The unveiling of a statue of one of the leading engineers of Britain’s Age of Steam marks the beginning of Tomorrow’s Engineers Week.
It seems fitting at the start of Tomorrow’s Engineers Week to bring news of an engineer who is to be commemorated with a statue.
Tomorrow’s Engineers Week aims to ‘challenge the perceptions of engineering among young people, their parents and teachers’ and encourage young people to investigate the profession and be inspired ‘by celebrating the everyday engineering heroes that design, create and innovate to improve our lives.’
It is, of course, all too easy to overlook or take for granted the myriad of contributions engineers have made to our daily lives, one of whom was Sir Nigel Gresley, the mechanical engineer who designed locomotives, carriages and wagons for the London & North Eastern Railway (LNER) from 1923 until his death in April 1941.
To recap, Sir Nigel’s achievements include designing the Mallard, the fastest steam locomotive in the world, Flying Scotsman, and streamlined high-speed trains such as Silver Jubilee in 1935 and Coronation in 1937. He also invented vehicle articulation, which is still used by railway and tramway engineers.
Sir Nigel is to be remembered at London’s Kings Cross railway station with a 7’6” bronze statue sculpted by Hazel Reeves SWA, FRSA.
According to the Trust, the statue will be placed in the Western Concourse, beside the entrance to the Ticket Office, by the wall to West Offices where Sir Nigel and his principal assistants worked until the outbreak of war.
Network Rail, Camden Borough Council, and English Heritage have cleared the erection of the statue, which needs donations from interested parties to fund the project. The Gresley Society Trust is hoping to raise £95,000 and donations can be made via its website here.
There is some method in linking these Tomorrow’s Engineers Week and Sir Nigel Gresley, the first of which is remembering that we still live with his principles of articulation.
The second is to remind ourselves of a word that some young people might not always associate with engineering, and that word is ‘creativity’.
Without creativity and logic engineers would not have evolved the myriad of platforms and systems that simplify many aspects of our lives, and our young friends will be required to dig deeply into theirs as they face the sort of challenges, such as climate change, that weren’t even considered in Sir Nigel’s lifetime.
One stimulating initiative from Tomorrow’s Engineers Week – Robots vs Animals competition from the Science Communication Unit at the University of the West of England (UWE), Bristol Robotics Laboratory and Bristol Zoo Gardens – is asking 11 to 18 year olds: What amazing animal ability would you use to design a useful robot?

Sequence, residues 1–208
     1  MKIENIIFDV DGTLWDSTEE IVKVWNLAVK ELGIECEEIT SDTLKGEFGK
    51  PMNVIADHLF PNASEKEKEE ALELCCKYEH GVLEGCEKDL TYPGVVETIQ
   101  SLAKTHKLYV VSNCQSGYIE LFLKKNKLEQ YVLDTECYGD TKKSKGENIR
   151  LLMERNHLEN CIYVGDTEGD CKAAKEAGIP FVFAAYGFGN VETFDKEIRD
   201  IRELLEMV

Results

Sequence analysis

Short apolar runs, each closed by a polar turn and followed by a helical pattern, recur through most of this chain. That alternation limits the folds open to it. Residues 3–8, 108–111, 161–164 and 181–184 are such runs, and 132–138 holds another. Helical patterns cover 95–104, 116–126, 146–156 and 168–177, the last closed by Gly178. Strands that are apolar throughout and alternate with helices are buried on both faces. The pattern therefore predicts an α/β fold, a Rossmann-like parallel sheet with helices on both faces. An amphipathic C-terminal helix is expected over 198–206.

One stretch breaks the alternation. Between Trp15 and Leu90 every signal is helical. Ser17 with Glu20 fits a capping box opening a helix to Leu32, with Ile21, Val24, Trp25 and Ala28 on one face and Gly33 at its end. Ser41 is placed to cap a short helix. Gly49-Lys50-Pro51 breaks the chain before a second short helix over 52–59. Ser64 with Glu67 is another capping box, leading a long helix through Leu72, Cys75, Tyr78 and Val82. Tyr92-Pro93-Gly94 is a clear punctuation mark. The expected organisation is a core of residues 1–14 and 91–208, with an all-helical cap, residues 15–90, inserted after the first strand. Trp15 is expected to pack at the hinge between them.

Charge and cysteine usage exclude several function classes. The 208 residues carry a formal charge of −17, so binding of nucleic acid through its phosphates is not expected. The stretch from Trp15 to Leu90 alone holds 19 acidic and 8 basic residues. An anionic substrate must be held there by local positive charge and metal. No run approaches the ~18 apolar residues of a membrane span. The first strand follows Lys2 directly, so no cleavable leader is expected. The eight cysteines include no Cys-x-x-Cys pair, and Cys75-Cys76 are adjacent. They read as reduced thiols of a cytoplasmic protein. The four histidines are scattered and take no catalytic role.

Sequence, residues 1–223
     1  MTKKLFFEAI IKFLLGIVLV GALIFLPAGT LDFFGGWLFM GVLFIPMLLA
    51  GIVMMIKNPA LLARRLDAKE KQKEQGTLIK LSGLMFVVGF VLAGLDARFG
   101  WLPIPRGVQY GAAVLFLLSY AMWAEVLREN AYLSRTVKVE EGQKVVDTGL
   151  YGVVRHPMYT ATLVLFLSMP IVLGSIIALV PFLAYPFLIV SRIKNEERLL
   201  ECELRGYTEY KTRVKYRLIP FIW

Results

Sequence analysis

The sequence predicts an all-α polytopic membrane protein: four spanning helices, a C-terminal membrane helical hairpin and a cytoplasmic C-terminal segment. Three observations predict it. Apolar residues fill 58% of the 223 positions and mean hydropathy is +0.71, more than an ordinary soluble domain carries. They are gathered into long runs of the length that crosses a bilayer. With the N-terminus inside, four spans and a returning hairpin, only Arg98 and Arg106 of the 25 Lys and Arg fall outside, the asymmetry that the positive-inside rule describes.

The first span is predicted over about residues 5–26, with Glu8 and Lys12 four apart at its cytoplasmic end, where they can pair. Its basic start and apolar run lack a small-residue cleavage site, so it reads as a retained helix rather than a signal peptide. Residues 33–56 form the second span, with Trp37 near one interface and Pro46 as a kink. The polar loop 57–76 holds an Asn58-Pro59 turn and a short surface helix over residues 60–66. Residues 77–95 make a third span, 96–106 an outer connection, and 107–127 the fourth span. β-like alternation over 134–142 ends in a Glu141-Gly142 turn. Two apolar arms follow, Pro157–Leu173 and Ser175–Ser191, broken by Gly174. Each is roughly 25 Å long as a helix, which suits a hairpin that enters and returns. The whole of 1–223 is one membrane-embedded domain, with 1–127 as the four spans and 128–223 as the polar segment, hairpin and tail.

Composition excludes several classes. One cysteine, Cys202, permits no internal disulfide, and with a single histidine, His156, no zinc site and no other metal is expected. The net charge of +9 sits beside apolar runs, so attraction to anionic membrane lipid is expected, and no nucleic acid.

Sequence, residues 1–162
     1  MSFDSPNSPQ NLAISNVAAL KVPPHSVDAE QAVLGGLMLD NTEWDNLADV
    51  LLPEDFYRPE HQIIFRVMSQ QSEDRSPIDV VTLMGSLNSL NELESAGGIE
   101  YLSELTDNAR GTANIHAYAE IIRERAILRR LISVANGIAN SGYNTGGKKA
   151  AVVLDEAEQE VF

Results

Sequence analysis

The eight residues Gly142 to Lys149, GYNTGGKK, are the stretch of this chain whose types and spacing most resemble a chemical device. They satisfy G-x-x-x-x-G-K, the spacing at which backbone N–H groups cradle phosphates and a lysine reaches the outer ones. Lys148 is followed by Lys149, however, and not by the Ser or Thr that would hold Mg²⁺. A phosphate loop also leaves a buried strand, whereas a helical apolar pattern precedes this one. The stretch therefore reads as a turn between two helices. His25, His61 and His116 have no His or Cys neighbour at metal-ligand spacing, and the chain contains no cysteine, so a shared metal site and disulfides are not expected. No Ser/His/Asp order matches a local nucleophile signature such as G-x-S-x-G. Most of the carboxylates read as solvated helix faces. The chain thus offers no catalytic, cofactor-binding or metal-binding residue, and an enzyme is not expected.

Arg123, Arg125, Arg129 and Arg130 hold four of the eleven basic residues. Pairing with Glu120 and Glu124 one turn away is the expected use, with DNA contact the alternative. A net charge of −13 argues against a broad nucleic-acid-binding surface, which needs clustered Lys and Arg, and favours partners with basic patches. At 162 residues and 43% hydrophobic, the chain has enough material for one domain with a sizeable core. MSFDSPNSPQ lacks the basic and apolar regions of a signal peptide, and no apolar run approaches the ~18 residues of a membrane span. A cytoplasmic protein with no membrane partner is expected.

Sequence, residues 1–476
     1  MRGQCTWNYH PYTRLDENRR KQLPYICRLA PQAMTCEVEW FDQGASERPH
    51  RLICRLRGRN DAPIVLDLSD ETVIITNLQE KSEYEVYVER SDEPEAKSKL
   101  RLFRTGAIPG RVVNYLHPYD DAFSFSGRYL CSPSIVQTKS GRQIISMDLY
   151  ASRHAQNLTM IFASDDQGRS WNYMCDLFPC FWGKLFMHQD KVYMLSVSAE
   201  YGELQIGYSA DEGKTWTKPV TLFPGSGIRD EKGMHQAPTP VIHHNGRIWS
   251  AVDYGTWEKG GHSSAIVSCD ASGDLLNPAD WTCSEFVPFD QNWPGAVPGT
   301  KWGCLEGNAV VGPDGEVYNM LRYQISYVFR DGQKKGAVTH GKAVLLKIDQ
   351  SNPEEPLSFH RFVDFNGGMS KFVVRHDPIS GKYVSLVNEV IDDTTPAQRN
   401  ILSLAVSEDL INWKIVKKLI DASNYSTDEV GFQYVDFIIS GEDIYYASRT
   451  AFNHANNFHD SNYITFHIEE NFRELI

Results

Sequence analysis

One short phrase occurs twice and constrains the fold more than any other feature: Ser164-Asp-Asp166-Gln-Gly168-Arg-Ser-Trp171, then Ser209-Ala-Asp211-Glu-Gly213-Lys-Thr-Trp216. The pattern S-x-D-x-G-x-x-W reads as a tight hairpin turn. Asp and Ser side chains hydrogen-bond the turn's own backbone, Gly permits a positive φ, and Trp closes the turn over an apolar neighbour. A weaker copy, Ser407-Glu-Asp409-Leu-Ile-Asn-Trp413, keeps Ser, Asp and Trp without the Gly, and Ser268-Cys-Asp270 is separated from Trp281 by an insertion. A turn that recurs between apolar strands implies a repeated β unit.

Funded by the Royal Academy of Engineering, the national competition taps directly into biomimicry, a relatively new field that takes the most efficient elements from animal evolution and puts them into a robot.
According to project leader Laura Fogg-Rogers, this could include a robot with the flight of a bird, the sensing power of shrews’ whiskers, or the gentle strength of a monkey’s hand.
In a statement she said: ‘Working with Bristol Zoo Gardens, we are developing workshops which demonstrate how engineering can solve real-world problems by taking inspiration from other realms, such as animals in nature.
‘We hope the young people who take part are really inspired by the competition to continue and develop their skills as engineers.’
UWE add: ‘The aim of the project overall is to demonstrate engineering as a creative, exciting and innovative field, and encourage a wider range of young people, both boys and girls, to consider it as a career possibility.
‘Competition entrants will need to consider how their robot could be useful by solving real-world problems. It might be a robot that helps us to become more sustainable or supports our health and wellbeing. The robot also needs to take its inspiration from an animal, with careful consideration of the materials that it will be built with and the engineering design process used to make it work.’
Winning entries will be exhibited as part of Bristol’s Festival of Nature 2015.
Further initiatives being undertaken during Tomorrow’s Engineers Week are too numerous to mention but you can see for yourself by clicking here.
- Manufacturers are crying out for young talent: 66 per cent plan to recruit an engineering graduate in the next three years and 66 per cent plan to recruit an engineering apprentice in the next 12 months
- Opportunity to earn: the average engineering apprentice earns £7.03 per hour just to train, while the average engineering graduate earns a fifth more than other graduates
- Rules of attraction: 72 per cent of manufacturers say raising awareness of apprenticeships will encourage more young people into manufacturing – 63 per cent say the same of STEM-promoting initiatives between schools and business
- Careers advice: six in ten (60 per cent) say better-informed careers advice at school will encourage more into manufacturing
- Skills shortages facing manufacturers: four in five are struggling to recruit – over two-thirds (69 per cent) say this is because candidates lack technical skills, while 48 per cent do not have enough applicants to fill job roles.